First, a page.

Green IT Capability and Firm's Competitive Advantage

Green IT Capability and Firm's Competitive Advantage

Rabiah Eladwiah Abdul Rahim (Faculty of Computing, Universiti Teknologi Malaysia, Johor Bahru, Malaysia) and Azizah Abdul Rahman (Faculty of Computing, Universiti Teknologi Malaysia, Johor Bahru, Malaysia)
Copyright: © 2014 |Pages: 9
DOI: 10.4018/ijide.2014010104


The concept of Green Information Technology (Green IT) has been widely discussed in recent times, but the question of how a firm can afford to implement Green IT in both IT and other business operations has yet to be examined. In addition, the question of whether Green IT has made any significant contributions towards competitive advantage in organizations has not yet been studied. This study attempts to bridge this gap by viewing Green IT capability from the lens of Natural Resource-Based View. The two constructs derived from this theory, namely, as pollution prevention and product stewardship are discussed in this paper. Its application is extended into the IT context with reference to Green IT literature. This occurs among an early review of the utilisation of these constructs particularly for Green IT process management. The implications of the outcome of this study, both for the IS researchers and for the practicing managers, are discussed.
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The recent emergence of energy efficiency and cost effective IT equipment (known as Green IT) has been regarded as a social and technical arena of innovation (Davidson et al., 2011). The literature distinguishes between, namely: technical innovations, those that involve new technologies, products and services. It also includes administrative innovations, namely: those that involve procedures, policies and organizational issues (Tarafdar & Gordon, 2007). Drawing upon this, Table 1 categorises the environmental sustainability research appearing in Information Systems (IS) journals into technical and administrative research. These journals are identified from literature that point out the journals which published articles related to environmental sustainability. It shows that IS fields tend to focus more towards administrative issues, rather than on technological aspects which might be of interest to practitioners in the computer science area. Environmental capability is ongoing in operations management, marketing, and strategy, and although this is still a nascent area, a number of interesting findings have emerged (Hart & Dowell, 2010). However, discussions on environmental capability in IS context have been generally lacking to date.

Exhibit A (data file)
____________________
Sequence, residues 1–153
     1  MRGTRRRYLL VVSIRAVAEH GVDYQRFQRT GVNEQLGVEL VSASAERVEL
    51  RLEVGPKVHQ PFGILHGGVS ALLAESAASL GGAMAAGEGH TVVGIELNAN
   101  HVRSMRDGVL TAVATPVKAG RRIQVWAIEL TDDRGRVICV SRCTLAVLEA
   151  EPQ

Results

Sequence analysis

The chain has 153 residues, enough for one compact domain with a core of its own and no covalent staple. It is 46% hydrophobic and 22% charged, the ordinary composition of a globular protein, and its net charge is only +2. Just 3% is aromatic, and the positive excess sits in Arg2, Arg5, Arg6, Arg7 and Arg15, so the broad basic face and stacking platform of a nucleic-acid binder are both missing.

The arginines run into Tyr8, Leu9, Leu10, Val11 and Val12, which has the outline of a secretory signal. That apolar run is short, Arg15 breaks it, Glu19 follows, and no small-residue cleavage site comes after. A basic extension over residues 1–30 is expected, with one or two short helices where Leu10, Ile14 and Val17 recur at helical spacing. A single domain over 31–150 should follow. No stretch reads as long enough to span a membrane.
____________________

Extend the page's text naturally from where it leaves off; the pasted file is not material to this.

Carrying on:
Table 1.
Previous environmental sustainability studies which appeared in IS journals
Research CategoriesEnvironmental Sustainability CategoriesReferences
Technical (involve new technologies, products and servicesTechnological design Zhang, et al. (2011) Patnaik et al. (2011)
Administrative (involve procedures, policies and organizational aspects)Technological adoption (System, Grid Computing, Websites and Smartphones) Bengtsson and Ågerfalk (2011), Walker and Brammer, (2012), Vykoukal et al. (2010), Parker et al. (2010) and Pitt et al. (2011).
IS issues (principles, innovation framework, adoption, evaluation and contributions) Dedrick (2010), Standing and Jackson (2007), Melville (2010), Chen et al. (2010), Butler (2011), Schmidt et al. 2010), Bose and Luo (2011), Molla and Cooper, (2009) and Cater-Steel and Tan (2010).

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